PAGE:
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“Spiritual Emergency”

A while back, I wrote about the spiritual threads running through history and how they seemingly got swept away (Spirituality since the 80s). And, in that context, I want to talk about the book “Spiritual Emergency” which draws together contributions from the fields of psychology and spirituality to address what are essentially questions of the mind.

The main premise is that mental episodes, at times, might be moments of potential transformation: “a play on words, suggesting both a crisis and an opportunity of rising to a new level of awareness”. Of course, the writers are very careful to state this is “not to be confused with diseases that have a biological cause and necessitate medical treatment”. But, with that in mind, it’s interesting to consider if certain experiences categorised as mental illness could be something more.

Describing modern society as having arisen out of various revolutions and revelations whereby “rationality became the ultimate measure of all things”; the authors ask if we might’ve been slightly mistaken in discarding spiritual belief as incompatible, and thereby losing its ability to give a firm and meaningful foundation to our lives. Because if our civilisation lacks deeper meaning, and if “sanity today appears to rest very largely on a capacity to adapt to the external world”, then maybe some of our battles arise because we look for or see meaning within a world that denies it?

It’s a similar line of inquiry as forms part of “Towards a New World View” which looked at how engaging with alternative perspectives might assist us in overcoming our own imminent challenges (see also, Note One). Not that I necessarily advocate all modern spiritual paths (see Notes Two), but there certainly seems to be a market for metaphysics and a demand for greater meaning and purpose in life than is habitually offered or accepted (see Note Three).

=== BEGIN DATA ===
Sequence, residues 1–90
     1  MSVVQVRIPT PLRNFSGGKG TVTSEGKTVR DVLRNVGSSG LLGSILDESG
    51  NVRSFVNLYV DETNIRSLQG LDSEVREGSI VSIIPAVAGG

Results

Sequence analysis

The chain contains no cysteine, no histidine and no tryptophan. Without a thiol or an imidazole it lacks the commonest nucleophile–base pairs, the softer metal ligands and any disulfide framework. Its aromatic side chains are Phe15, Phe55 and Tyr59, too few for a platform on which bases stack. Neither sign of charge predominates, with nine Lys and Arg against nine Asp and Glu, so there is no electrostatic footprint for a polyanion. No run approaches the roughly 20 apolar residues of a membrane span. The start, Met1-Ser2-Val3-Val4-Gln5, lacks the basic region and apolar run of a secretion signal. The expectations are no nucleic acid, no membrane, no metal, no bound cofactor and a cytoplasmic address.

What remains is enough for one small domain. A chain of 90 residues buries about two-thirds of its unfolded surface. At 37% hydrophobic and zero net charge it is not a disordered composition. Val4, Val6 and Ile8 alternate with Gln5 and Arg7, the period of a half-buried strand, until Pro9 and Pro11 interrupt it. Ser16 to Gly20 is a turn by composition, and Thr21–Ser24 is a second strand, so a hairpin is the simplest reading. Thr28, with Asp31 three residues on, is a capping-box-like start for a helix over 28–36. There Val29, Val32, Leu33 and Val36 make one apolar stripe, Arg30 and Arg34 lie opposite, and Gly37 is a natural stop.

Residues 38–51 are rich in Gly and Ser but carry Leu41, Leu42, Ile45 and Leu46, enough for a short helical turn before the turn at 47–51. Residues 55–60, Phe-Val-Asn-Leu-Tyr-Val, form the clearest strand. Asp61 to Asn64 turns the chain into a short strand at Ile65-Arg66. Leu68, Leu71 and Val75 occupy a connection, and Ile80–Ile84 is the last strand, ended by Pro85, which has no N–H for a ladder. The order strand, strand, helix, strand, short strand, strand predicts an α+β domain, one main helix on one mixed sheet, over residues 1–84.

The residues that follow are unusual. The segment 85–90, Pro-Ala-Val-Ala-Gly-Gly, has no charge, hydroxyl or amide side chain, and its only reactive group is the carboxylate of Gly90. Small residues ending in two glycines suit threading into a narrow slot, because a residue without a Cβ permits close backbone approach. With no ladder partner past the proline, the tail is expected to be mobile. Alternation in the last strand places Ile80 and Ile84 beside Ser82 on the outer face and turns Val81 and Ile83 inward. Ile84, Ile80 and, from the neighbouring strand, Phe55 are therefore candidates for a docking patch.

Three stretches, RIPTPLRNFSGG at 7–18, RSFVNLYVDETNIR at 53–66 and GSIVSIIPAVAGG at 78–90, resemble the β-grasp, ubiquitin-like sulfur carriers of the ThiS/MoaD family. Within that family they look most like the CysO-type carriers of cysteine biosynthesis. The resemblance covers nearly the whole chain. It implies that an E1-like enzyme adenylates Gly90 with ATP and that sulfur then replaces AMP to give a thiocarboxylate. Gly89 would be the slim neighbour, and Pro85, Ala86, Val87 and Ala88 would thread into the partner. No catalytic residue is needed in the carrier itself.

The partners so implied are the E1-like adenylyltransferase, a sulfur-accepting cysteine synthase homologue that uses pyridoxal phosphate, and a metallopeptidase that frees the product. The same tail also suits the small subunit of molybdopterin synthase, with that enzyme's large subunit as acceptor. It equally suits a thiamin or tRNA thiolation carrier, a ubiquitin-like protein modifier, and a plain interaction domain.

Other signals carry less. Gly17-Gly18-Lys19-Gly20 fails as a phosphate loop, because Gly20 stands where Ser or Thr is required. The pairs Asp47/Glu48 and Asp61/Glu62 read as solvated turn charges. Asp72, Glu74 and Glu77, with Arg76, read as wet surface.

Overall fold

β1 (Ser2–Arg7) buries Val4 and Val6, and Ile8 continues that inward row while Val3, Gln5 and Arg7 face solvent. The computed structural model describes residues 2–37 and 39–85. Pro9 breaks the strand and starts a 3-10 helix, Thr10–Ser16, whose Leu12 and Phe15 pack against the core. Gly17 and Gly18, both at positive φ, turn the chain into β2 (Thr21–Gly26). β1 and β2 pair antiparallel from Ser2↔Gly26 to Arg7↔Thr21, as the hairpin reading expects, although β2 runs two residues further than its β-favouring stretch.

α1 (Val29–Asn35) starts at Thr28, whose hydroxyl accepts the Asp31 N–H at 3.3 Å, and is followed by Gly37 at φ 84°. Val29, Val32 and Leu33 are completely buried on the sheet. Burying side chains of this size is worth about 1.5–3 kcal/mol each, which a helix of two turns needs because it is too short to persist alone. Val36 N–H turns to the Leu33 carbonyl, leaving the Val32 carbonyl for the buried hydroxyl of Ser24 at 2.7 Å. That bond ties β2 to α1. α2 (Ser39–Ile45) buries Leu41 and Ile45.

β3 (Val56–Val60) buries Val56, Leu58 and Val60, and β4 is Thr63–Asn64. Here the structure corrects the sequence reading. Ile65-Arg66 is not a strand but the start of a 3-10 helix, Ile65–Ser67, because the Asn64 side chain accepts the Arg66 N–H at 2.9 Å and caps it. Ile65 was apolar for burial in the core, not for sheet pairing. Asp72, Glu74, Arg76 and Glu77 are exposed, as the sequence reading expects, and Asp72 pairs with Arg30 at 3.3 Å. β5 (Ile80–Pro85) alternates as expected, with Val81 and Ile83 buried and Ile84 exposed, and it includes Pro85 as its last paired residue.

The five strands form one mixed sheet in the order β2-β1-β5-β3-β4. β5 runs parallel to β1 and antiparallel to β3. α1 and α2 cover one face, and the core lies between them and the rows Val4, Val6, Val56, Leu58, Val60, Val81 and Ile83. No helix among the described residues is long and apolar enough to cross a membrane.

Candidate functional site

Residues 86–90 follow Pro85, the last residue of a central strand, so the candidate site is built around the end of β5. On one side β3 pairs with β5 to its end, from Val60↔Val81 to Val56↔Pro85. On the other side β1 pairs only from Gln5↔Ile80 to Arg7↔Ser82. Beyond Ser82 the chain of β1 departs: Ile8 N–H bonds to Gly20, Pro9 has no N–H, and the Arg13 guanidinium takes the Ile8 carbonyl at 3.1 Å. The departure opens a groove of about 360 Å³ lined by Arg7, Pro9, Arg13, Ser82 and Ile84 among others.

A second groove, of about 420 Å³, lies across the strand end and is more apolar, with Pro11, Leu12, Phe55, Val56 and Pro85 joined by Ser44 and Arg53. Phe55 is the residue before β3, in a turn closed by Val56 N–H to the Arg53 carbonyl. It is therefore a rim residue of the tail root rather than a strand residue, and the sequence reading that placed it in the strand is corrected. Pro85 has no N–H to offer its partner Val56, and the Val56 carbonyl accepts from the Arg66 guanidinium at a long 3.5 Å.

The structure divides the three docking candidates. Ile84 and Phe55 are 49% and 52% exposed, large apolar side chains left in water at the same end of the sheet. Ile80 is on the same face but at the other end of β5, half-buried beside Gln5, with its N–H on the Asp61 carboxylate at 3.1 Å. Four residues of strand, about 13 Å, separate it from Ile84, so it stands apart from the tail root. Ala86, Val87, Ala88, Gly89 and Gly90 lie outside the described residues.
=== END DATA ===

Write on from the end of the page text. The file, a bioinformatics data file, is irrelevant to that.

The bulk of the book then covers ideas around shifts of consciousness; the therapeutic value of archetypes and myths; cultural traditions such as shamanism; Maslow’s study of “peak experiences”; past life or near death experiences; and notions of the psyche and the higher self. It’s a pretty comprehensive exploration of alternative ideas from various sources; focussing on how to safely guide people through such processes. Essentially, ways to “untangle and undo the knot of self” and let images of chaos or destruction give way to new forms of being.

It’s a worldview that risks getting a little dark (Note Four), but it still seems worthwhile contemplating. With the prevalence of conditions such as depression and anxiety, it’s timely to ask to what extent such difficulties arise from self, from society, or from thought itself. Because, in a way, our sense of self and our thoughts on life seem to arise and exist in relationship to the world around us (Note Five). If we look at the mind and the self as reflections of external reality, it could be that the shifts and struggles of the inner life might become more meaningful.

Notes and References:

“Spiritual Emergency. When Personal Transformation Becomes a Crisis” edited by Stanislav Grof, M.D., and Christina Grof, (Penguin Putnam, New York), 1989.

Note 1: Literature where West meets East
Note 2: Mindfulness, antidote to life or way of being
Note 2: The ideas of Eckhart Tolle
Note 3: Writings on Education
Note 4: Mental health relative to modern times
Note 5: Mirrors we offer one another

Also, “Education’s End” on the importance of knowing the path we’ve taken and the value of belief.

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